How does one sum up a movie as idiosyncratic as Scott Pilgrim vs. the World? Not very easily, that much is clear. Scott (Michael Cera) is a 22 year old who plays in an alt-rock group called the Sex Bob-ombs (I have it on the best teenaged sons' authority that this, like many other passing moments in the film, refers to various videogames, in this case, a Super Mario Brothers outing). The other Bob-ombs include Scott's long ago girlfriend Kim (Alison Pill), a monotoned cynic whose rampant pessimism might be mistaken for Goth if she dressed in darker colors. Also on hand are the ironically named Stephen Stills (Mark Webber) and Young Neil (Johnny Simmons). These three, along with Scott's gay roommate Wallace (Kieran Culkin, Macaulay's brother) provide a support system of sorts for the oddly lovable, but inarguably geeked out, Pilgrim. As the film starts, Scott has taken up with a 17 year old high school girl named Knives Chau (Ellen Wong). Knives seems poised to help Scott forget the horrors of a romantic bad ending from a little over a year ago, at least until Scott catches sight of Ramona Flowers (Mary Elizabeth Winstead), a mysterious but enticing American girl whose hair changes color as quickly as Mario and Wario break into a feud. (See, I do know a little about videogames).
The bulk of the film is an odd quasi-science fiction enterprise wherein Scott, who has fallen hopelessly in love with Ramona, discovers that he must defeat her seven "evil ex's", videogame style, before their relationship can really blossom. This sets up a series of completely over the top sequences where Scott does battle with everyone from the Bollywoodesque Matthew Patel (Satya Babha) to major film star Lucas Lee (Chris Evans) to Ramona's flirtation with bisexuality, Roxy (Mae Whitman), a sort of Crouching Tiger, Hidden Dragon wisp of a ninja fighter who seemingly appears out of thin air to wreak havoc on Scott. These fight sequences are goofy, wonderfully whimsical and just flat out strange. Lucas skateboards down an endless icy stair banister to his doom, and Ramona aids Scott in one of his battles by pounding around a giant mallet. The most outré all of the battles is probably the one involving Scott's exgirlfriend Envy Adams (Brie Larson), who has become a rock star, and who returns to Scott's hometown of Toronto with her vegan boyfriend Todd (Brandon Routh), who of course used to date Ramona. In the lunatic world of Scott Pilgrim, veganism has granted Todd a host of demonic psychic powers which allow him to do everything from punch the purple highlights out of Knives' hair to emanate levitating powers which suspend Scott midair.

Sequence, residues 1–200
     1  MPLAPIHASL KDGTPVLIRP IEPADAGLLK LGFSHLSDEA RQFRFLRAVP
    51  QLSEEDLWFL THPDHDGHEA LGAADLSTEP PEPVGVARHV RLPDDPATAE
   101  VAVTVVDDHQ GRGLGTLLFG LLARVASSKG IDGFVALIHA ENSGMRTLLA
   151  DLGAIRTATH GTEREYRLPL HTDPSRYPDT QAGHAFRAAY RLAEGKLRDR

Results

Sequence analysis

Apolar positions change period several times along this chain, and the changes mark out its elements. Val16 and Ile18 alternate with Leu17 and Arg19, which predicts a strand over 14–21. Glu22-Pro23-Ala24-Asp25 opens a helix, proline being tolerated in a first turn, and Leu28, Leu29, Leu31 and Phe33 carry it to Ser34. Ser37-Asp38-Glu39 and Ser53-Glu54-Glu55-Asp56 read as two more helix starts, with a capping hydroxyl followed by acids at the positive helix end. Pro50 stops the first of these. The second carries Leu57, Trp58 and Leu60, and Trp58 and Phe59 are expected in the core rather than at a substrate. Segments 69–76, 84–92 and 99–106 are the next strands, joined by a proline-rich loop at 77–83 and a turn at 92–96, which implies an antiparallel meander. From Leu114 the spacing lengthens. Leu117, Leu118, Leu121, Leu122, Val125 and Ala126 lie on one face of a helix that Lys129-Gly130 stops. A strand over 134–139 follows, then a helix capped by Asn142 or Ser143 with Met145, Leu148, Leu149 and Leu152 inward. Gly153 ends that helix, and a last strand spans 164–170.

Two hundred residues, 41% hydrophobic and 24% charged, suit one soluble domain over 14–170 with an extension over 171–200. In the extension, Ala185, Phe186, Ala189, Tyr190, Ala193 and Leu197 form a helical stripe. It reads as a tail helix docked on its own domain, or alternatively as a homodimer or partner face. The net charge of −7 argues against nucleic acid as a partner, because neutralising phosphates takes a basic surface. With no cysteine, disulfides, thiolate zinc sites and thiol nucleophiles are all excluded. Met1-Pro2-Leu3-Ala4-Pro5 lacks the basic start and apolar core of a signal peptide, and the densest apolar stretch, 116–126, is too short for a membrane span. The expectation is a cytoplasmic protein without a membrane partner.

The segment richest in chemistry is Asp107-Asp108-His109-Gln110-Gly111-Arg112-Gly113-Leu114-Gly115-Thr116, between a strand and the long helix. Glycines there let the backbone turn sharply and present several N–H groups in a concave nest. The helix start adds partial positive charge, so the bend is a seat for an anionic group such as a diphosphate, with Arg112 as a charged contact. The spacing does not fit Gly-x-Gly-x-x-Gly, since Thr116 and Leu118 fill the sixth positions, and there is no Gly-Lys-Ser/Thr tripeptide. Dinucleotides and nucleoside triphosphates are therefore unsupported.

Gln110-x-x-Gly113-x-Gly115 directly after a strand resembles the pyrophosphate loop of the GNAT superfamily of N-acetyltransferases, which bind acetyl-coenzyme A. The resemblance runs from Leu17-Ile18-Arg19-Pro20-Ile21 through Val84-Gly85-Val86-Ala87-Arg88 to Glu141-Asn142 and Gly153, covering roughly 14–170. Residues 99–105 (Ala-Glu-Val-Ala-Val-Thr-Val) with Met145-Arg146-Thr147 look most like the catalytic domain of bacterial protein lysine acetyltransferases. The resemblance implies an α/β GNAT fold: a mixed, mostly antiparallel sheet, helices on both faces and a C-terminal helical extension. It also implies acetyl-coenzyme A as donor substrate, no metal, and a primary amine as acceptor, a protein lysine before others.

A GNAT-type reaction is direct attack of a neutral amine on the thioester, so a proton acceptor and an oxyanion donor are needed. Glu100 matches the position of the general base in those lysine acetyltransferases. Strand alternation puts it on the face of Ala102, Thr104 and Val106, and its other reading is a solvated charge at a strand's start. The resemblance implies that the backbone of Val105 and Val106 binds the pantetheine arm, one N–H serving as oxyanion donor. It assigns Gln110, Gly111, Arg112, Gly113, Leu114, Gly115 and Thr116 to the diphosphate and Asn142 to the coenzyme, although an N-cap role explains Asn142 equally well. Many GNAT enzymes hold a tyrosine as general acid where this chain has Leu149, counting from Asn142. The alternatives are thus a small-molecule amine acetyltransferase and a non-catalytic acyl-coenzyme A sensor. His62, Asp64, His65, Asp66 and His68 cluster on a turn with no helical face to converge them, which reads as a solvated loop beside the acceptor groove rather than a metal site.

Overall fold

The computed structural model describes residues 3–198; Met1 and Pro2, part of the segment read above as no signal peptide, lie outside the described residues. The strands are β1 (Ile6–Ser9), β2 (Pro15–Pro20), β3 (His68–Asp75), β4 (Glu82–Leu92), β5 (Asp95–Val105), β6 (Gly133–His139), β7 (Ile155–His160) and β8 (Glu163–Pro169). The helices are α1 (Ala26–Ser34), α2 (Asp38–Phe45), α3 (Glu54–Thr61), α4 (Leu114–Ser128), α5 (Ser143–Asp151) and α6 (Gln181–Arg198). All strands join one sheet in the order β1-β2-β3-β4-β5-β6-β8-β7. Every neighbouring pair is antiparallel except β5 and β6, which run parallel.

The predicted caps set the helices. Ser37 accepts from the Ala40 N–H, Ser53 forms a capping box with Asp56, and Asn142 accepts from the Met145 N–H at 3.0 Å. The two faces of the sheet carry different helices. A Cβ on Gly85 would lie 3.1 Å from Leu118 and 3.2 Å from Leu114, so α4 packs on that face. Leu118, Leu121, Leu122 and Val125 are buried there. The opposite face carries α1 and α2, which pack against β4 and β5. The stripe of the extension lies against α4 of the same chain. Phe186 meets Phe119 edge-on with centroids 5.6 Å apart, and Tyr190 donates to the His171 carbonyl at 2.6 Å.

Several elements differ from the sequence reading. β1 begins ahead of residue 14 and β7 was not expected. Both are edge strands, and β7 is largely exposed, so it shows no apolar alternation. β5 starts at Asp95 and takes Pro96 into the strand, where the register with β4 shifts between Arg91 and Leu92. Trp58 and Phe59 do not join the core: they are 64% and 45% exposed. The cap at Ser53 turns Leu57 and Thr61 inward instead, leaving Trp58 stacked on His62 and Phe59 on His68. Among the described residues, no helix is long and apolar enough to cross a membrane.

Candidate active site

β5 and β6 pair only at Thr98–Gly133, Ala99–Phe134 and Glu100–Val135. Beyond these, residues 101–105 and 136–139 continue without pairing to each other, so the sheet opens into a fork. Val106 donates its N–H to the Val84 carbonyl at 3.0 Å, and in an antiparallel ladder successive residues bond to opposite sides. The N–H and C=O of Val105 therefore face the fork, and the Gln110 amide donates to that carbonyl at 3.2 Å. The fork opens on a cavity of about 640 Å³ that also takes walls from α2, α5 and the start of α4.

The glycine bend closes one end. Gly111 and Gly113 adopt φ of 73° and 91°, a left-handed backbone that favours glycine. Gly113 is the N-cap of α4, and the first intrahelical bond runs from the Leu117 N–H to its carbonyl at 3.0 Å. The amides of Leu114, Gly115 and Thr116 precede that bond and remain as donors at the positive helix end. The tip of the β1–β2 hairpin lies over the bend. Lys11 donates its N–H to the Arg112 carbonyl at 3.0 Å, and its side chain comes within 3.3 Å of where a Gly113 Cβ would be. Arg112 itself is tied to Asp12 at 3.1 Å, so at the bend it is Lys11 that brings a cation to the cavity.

Scott Pilgrim vs. the World is a surface deep entertainment, that can't be denied. These characters are living cartoons, and the silliness of the fight sequences, which invariably end with Scott's nemeses exploding, releasing showers of video game coins, only enforces the unreality of the enterprise. What keeps Pilgrim afloat is its lack of outright irony or self-reflexive archness. Probably due largely to Cera's gangly and unkempt appeal, there's no Hollywoodesque glamour to this enterprise. In fact Hollywood glamour is given a good kick in the pants in the Lucas Lee segment. While this Universal film starts with a decidedly low-tech, 8-bit looking logo and videogame MIDI version of the Universal anthem, when Chris Evans first appears onscreen, we get the actual orchestral Universal anthem, including Evans cracking his neck at the two final bass cadence notes.